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Moving mountains to mine coal

Commentator Jeff Biggers

TEXT OF COMMENTARY

Tess Vigeland: Officials in Utah said yesterday that they would continue searching for the six men trapped in that collapsed mine.They've sent a special robot camera down a hole to see if there's any sign of life.

Meanwhile, last Friday, the Bush Administration introduced one of the most far-reaching changes in coal mining policy in the last decade. It would loosen the requirement that coal operators prove their strip mining doesn't damage streams and wildlife.

The public has 90 days to file comments. Here's one already from commentator Jeff Biggers.


Jeff Biggers: In the summer of 1983, I first hiked along the famed Appalachian Trail and worked on mountain farms. Then, I was taken into the West Virginia coal fields and saw something else.

In one depressed coal-mining community after another, strip mining had devastated the ridges. Twenty-five years later, the most extreme form of strip mining, mountaintop removal, has become an economic boondoggle for Appalachia.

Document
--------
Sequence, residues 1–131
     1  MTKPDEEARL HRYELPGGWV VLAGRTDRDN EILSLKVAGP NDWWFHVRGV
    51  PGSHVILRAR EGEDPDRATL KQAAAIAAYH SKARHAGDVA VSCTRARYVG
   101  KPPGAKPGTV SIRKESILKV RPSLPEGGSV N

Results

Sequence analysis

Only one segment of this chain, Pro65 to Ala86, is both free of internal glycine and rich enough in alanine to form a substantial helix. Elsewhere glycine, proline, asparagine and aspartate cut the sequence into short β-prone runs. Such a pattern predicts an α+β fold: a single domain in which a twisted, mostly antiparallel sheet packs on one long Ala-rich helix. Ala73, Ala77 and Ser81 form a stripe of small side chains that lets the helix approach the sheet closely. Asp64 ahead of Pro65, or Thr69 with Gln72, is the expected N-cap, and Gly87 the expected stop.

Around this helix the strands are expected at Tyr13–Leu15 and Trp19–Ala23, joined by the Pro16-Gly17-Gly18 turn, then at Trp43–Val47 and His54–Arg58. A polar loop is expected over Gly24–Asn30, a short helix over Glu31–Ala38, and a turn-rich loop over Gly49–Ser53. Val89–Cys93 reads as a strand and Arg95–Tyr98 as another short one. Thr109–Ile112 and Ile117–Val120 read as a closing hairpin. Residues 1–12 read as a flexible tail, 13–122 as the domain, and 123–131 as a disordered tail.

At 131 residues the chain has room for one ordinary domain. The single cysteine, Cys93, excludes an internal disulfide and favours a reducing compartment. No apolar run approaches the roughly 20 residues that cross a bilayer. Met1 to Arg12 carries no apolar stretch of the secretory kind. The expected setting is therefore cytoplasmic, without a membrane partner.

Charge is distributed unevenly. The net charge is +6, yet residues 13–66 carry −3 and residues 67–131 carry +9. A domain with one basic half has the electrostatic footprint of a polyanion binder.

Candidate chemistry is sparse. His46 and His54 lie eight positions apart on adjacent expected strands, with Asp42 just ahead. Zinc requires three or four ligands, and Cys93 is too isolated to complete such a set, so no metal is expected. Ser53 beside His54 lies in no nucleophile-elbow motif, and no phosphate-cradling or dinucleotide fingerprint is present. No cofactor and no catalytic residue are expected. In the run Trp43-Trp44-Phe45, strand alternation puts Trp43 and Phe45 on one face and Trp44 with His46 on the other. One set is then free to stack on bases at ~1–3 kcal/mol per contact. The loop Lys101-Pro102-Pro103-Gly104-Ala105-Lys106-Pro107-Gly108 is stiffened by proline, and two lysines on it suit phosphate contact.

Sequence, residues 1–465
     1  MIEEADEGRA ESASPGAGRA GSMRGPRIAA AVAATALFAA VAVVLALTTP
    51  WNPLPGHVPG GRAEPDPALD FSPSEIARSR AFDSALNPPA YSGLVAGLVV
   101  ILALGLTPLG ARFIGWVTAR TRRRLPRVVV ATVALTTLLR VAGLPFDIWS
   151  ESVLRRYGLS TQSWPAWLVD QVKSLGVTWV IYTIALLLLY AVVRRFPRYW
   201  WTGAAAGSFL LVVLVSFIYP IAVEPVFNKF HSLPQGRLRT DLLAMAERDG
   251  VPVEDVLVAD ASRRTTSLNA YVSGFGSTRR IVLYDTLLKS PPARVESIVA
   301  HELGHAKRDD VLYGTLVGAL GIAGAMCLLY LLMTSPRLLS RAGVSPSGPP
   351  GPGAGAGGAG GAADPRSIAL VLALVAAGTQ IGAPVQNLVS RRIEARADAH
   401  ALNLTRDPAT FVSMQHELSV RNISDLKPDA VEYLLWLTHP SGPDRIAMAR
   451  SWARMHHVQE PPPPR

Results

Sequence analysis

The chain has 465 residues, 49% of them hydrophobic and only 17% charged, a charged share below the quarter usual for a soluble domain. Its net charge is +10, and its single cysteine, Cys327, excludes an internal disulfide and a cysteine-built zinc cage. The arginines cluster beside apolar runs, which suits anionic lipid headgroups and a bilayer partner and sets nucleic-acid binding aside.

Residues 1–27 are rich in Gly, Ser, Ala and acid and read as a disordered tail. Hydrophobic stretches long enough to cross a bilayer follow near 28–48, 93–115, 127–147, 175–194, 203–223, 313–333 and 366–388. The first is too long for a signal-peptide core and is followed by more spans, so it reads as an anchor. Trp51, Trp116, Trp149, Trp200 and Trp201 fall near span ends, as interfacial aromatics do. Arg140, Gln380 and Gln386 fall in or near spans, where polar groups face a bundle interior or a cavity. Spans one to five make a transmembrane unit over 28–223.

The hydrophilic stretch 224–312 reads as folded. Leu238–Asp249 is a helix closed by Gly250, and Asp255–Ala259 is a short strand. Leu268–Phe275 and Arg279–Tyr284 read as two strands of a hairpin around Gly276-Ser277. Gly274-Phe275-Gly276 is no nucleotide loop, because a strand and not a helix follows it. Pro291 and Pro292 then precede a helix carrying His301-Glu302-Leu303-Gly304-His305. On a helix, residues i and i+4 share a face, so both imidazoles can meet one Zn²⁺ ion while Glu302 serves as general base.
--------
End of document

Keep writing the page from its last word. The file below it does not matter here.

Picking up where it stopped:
Once bustling communities in the coal fields have become ghost towns. Blasting, coal hauling and unsafe roads have damaged, flooded out and made unlivable countless numbers of communities. Huge dragline machines that scoop away the mountains have shrunk coal-field employment by 90 percent.

Tourism might soon be the worst casualty. Tourism brings in some $30 billion a year in a dozen states in Southern Appalachia, more than any other industry including coal. In West Virginia alone, in fact, tourism rivals coal. Both account for $3.5 billion of revenue each year.

But not for long. The dull haze of coal pollution has slashed visibility along the Appalachian Trail, and as far as the Great Smoky Mountains in Tennessee and North Carolina.

The coal industry uses one million metric tons of explosives a year to blow up the mountains in this region. This explosive force, equal to 58 Hiroshima-sized atomic bombs, has wiped out more than one million acres of forests, 1,000 miles of streams and 475 actual mountains.

Strip mining has left behind a new Appalachian Trail of destruction. If mountaintop removal becomes the poster image of tourism, Appalachia's economy and its ridges will one day look like the dusty prairies of Crawford, Texas.

Vigeland: Jeff Biggers is the author of "The United States of Appalachia."

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